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The basic concept of a floodgate seems like an obvious no-brainer, and is the kind of thing that astounds me hasn't been already prioritized. Fund and build it as fast as possible, in that sense. It has significant benefits today, not just for future-proofing. It also looks like it makes sense to combine it with the Northern Ave Bridge, as that does seem like about the spot you'd want it for maximum utility.

It's a narrow channel and a skim through Climate Ready Boston Map Explorer appears to indicate that it's one the most obvious major risk points for Coastal Flood Risks in large sections of the city, especially going forward into the 2050s/2070s.

So I'm on board with all of that.

----------

What I don't entirely understand is why the "idea" seems to be focusing on "collecting" stormwater and the tides in terms of getting rid of that stormwater. It's certainly convenient when it works out that you can just hold all the water until later and let it out by natural flow then.

But...there's also a solution to too much water building up on the wrong side of your floodgate with an ocean on the other side, it's called some big pumps and some big outfalls above the level of said ocean. This is pretty normal practice everywhere floodgates are used on bodies of water that have a flow that also builds up behind them. I don't really see why we're emphasizing the storage as the big thing about this, the floodgate is the big thing.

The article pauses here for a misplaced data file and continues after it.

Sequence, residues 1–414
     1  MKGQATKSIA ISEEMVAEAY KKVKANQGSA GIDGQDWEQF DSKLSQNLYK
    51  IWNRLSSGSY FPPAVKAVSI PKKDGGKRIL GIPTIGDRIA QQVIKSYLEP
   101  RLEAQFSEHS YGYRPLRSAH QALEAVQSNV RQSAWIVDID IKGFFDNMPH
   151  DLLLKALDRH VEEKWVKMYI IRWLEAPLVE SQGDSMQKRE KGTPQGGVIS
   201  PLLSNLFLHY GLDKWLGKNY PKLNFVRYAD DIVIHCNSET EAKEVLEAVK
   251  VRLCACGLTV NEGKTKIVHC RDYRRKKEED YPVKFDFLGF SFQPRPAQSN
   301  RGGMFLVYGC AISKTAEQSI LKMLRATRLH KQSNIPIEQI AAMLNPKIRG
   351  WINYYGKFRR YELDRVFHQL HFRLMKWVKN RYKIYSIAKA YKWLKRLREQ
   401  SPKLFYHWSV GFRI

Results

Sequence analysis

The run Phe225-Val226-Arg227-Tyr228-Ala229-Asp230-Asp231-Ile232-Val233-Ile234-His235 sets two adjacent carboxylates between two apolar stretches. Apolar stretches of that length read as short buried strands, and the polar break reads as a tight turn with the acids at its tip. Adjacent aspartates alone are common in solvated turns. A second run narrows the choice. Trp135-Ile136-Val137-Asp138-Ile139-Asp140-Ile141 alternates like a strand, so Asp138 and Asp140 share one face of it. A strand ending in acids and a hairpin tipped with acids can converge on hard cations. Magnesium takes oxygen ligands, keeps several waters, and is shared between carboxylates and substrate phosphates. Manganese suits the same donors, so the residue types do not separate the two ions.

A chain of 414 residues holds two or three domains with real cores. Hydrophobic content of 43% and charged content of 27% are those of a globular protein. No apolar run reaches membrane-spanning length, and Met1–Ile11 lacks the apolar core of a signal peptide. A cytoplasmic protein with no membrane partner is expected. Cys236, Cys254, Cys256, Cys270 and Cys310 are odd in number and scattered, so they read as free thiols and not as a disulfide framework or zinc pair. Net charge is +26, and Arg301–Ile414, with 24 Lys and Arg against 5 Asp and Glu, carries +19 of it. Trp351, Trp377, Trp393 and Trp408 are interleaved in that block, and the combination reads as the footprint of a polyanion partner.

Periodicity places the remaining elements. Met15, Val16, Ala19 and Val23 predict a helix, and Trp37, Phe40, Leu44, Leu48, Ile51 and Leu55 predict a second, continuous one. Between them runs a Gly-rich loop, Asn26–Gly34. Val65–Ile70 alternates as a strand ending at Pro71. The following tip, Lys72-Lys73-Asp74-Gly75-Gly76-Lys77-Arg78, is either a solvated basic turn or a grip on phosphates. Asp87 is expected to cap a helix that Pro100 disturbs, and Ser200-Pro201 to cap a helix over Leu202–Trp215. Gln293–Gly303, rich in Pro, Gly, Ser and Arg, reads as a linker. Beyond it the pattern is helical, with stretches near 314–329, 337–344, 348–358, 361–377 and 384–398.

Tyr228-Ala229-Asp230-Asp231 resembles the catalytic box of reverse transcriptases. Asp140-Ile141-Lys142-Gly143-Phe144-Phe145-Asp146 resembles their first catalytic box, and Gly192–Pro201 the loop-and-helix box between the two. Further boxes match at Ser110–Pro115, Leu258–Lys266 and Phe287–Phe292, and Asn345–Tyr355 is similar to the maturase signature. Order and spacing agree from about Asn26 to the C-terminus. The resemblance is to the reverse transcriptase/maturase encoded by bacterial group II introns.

We really need some Dutch engineering over here. These are solved problems.
 

Arlington

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Many floodgates are passive: you close them at the last low tide before the storm and open again 11 hours later at the next low tide. Run this cycle twice if needed.

The rainwater basically never comes so early and fast that it is more water than a high tide would have supplied. Further the next low tide is sufficient to dump enough rainwater to repeat this for days
 

Sprngh2o

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Y'all are aware that Fort Point Channel used to be a lot longer, right? It used to extend to where the South Bay shopping center is now (which takes its name from the bay that was there)

All Y’all 😎
 

stefal

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Go the other way too to follow the old footprint, and open up those canals by the Harbor, a la Yale 2014 Projects-that-seem-to-have-vanished-from-the-internet. (but a few remain)

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DBM

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Robert Moses Mode ENABLED
Ha! love this.

One could also interchangeably say "Beast Mode enabled." Especially insofar as the wreckage created by Moses--the long-term crippling of NYC's urban vitality & economic dynamism (if you try to count how much a "car is king" philosophy actually subtracts from a metropolis' theoretical economic output), ecological/environmental resilience, etc.--vastly outweighs any one-night stomping by a Godzilla or Cloverfield-style mutant megamonster...
 

Arenacale

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Headline "Governor Baker: Fuck it. Lets build some stuff"

Robert Moses Mode ENABLED

View attachment 19214

And since you're asking, Yes. Photoshop is fun.
This actually feels somewhat doable. It's cutting through industrial areas and you could probably re-route it in some ways to minimize the impact to the existing businesses. I can actually visualize what it would look like in reality. I find the idea of the Seaport as a kind of island kinda fun as well.